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#25342 - 05/05/03 10:09 PM Earth voltage  
ga.sparky56  Offline
Member
Joined: Nov 2002
Posts: 558
young harris georgia usa
The question: If I drive 2 ground rods,say 100' apart and put a meter lead on each one,will I get a voltage reading? Why or why not? Then you can thrash me for not knowing!


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#25343 - 05/05/03 11:12 PM Re: Earth voltage  
Bjarney  Offline
Moderator
Joined: Apr 2002
Posts: 2,527
West-Southern Inner-Northeast ...
Two guesses… If the rods are of different metals, the two combined with soil moisture could form an electrochemical cell [battery] giving a low DC voltage. If there is a utility-distribution multigrounded neutral in the area, it may be possible to read some 60Hz voltage, like measuring taps on an energized resistor.


#25344 - 05/06/03 12:06 AM Re: Earth voltage  
George Corron  Offline
Member
Joined: May 2001
Posts: 717
Lorton, Va USA
If you use a galvanometer, you would have some luck. The concept of earth as a large electric sponge is a myth, especially now days with the utility neutral mentioned above, RF, etc..

Galvanometers can be made easily, hard to calibrate a home made though. I have one on my earth resistance meter, and it never fails to surprise me what comes from the ground...... OK, maybe the term is scares me.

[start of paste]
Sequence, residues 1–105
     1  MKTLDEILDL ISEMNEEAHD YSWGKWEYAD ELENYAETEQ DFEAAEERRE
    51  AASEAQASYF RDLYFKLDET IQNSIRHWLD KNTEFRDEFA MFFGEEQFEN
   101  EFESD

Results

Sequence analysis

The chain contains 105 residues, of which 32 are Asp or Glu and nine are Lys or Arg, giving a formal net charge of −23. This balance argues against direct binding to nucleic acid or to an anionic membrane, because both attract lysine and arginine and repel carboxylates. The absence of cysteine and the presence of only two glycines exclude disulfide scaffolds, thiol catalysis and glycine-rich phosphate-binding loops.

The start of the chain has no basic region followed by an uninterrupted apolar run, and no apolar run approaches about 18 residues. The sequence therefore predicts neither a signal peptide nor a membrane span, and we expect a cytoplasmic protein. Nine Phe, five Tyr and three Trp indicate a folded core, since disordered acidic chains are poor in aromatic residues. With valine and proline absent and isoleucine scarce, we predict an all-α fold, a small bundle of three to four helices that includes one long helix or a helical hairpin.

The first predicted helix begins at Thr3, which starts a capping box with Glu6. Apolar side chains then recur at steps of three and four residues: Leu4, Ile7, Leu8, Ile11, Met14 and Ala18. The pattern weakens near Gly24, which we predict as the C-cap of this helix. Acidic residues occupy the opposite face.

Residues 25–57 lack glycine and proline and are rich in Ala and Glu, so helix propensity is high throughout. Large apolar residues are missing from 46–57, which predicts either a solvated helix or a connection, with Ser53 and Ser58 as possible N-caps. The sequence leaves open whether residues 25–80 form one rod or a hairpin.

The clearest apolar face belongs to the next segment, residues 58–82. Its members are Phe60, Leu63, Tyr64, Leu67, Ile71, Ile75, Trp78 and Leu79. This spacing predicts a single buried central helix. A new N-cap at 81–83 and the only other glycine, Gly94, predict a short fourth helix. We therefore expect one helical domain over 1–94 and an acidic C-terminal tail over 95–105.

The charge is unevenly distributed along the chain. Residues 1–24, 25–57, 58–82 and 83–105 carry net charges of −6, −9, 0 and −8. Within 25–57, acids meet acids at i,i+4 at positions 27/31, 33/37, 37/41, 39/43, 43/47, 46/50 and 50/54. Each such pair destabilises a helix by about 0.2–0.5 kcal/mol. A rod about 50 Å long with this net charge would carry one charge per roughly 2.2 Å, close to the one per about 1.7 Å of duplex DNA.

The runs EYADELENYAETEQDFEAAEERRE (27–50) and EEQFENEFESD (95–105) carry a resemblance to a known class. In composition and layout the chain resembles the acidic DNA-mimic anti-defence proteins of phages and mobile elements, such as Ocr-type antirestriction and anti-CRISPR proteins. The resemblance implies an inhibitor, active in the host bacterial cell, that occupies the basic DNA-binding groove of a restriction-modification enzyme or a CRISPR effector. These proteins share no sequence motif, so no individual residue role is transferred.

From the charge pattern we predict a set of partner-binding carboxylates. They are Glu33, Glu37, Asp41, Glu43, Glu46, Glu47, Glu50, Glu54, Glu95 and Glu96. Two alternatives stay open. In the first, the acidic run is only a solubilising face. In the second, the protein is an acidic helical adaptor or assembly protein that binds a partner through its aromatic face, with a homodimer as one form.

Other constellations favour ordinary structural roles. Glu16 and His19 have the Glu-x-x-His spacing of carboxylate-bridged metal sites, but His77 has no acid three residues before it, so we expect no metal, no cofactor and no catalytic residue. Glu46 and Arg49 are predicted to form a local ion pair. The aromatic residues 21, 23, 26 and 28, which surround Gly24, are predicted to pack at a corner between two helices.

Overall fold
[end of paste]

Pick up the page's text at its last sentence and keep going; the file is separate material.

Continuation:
I guess the answer is with a real sensitive meter, probably. BTW, rural is no protection, the worst I ever saw was in a VERY rural (I'll tell ya how rural, even Sparky66wv would think he was in the woods [Linked Image] )location with an earth return neutral..... dang near ruined my meter.


#25345 - 05/06/03 01:23 AM Re: Earth voltage  
Bjarney  Offline
Moderator
Joined: Apr 2002
Posts: 2,527
West-Southern Inner-Northeast ...
About a year ago there was a thread about "S.W.E.R."
http://electrical-contractor.net/ubb/Forum1/HTML/001230.html

This would probably give driven rods a little higher readings.


#25346 - 05/06/03 08:16 AM Re: Earth voltage  
wocolt  Offline
Member
Joined: Dec 2002
Posts: 110
I would think it would be very possible to read voltage between the two rods, aganin as mentioned depending where you are.
Part of the problem is the utility's grounding the primary neutral to the secondary neutral as the loads increase on the secondary side of the transformer the neutral current from the primary will increase to carry the load. It will apear on the secondary side because of the grounding.
For some reason farms have a much bigger problem with this than cities do.
Another thing is our system of grounding we go to the water pipe and Now drive two ground rods. At this point depending on the relative size of resistance the neutral return current will take these alternate pathes back to the transformer/source, creating Objectionable current on our system. I am not sure when they started grounding the systems but as it is we are standing on 1/2 of the circuit that is the neutral.
I am not saying it is a bad system but like anything else it has its flukes and this is one of them.

WmnColt



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